Was There Turkey at the First Thanksgiving?

Was There Turkey at the First Thanksgiving?

Michelle Kurianowicz, Editor-In-Chief

Thanksgiving is a United States national holiday that is celebrated on the fourth Thursday of November. Thanksgiving is often celebrated with family and friends gathering for a feast that includes turkey, cranberries, and pumpkin pie, with the Macy’s Thanksgiving Parade streaming on the television. But how did this holiday originate?

In 1620, 102 English passengers left Plymouth, England, aboard the Mayflower, in search of religious freedom. About 3 months later, the Mayflower crossed the Massachusetts Bay, where they began to establish the new settlement of Plymouth. Through the duration of the first winter, most colonists remained on board the ship, and suffered from scurvy and outbreaks of disease. The brutal winter cut the number of colonists in half, and in March, they moved ashore, where they were greeted by a member of the Abenaki tribe.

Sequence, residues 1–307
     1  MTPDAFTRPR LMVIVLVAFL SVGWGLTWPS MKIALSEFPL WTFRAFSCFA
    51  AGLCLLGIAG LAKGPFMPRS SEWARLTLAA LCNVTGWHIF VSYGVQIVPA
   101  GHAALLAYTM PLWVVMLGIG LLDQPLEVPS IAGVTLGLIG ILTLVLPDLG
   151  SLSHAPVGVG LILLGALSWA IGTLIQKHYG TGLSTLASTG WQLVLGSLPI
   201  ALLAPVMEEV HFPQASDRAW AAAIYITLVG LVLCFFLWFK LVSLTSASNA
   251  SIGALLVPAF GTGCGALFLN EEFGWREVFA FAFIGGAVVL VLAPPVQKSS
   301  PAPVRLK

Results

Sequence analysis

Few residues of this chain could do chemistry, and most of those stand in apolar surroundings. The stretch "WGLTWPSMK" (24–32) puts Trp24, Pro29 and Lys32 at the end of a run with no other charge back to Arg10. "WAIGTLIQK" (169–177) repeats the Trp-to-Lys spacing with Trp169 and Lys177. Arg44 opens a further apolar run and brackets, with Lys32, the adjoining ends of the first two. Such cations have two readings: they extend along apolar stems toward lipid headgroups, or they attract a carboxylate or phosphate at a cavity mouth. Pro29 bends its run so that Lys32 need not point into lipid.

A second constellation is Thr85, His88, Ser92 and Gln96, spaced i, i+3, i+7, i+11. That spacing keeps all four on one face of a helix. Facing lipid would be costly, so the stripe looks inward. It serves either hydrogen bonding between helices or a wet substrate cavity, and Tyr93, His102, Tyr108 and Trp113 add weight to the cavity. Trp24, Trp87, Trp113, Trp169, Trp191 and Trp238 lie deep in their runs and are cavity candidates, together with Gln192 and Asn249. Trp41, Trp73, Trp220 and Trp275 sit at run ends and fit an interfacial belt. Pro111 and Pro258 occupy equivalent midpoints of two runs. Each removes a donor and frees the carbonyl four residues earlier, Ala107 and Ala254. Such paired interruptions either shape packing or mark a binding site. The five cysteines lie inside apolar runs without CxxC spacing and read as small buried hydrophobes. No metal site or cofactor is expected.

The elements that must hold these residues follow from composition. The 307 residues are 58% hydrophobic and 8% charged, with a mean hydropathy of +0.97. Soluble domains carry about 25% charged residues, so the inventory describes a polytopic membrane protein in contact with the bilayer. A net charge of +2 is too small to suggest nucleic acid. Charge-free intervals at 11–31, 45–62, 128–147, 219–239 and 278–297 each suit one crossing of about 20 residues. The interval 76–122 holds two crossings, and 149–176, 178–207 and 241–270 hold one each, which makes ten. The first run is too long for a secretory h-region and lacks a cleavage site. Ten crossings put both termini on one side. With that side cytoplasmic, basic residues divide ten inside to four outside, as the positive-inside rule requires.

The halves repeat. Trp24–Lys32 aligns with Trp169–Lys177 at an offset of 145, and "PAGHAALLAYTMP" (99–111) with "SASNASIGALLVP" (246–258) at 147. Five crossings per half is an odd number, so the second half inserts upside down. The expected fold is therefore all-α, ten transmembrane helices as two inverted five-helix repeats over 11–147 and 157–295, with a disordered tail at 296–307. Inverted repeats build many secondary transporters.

A few days later, the member returned with another famous Native American, Squanto. Squanto was a member of the Pawtuxet tribe, who had been previously kidnapped by an English sea captain, and sold into slavery. However, he returned to his homeland on an expedition. He taught the Pilgrims how to grow corn, get sap from maple trees, catch fish, and what plants should not be eaten. In November of 1621, governor William Bradford organized a celebratory feast in honor of the Pilgrims’ first corn harvest, and invited a great deal of Native American allies. The festival lasted three days, and even though we do not have an exact menu, historians suggest that most dishes were prepared using traditional Native American cooking methods and spices. Although over 90% of Americans today cook a turkey for Thanksgiving dinner today, it is still unclear whether or not the first Thanksgiving had turkey. According to journal entries from the 17th century, we can confirm that some dishes consisted of deer, wildfowl, fish, and a variety of corn. 

There are some scholars out there who doubt that the Pilgrims were the first to celebrate Thanksgiving. Historians have recorded celebrations that predate the 1621 celebration. For instance, in 1565, Spanish explorer Pedro Menéndez de Avilé hosted a dinner and mass, inviting members of the local Timucua tribe to celebrate his crew’s safe arrival. In late 1619, British settlers who arrived on the banks of Virginia’s James River designated the day as, “a day of thanksgiving to Almighty God.” Finally, historians noted that Native Americans have long had rich traditions of celebrating harvest with feasts, long before Europeans arrived in America.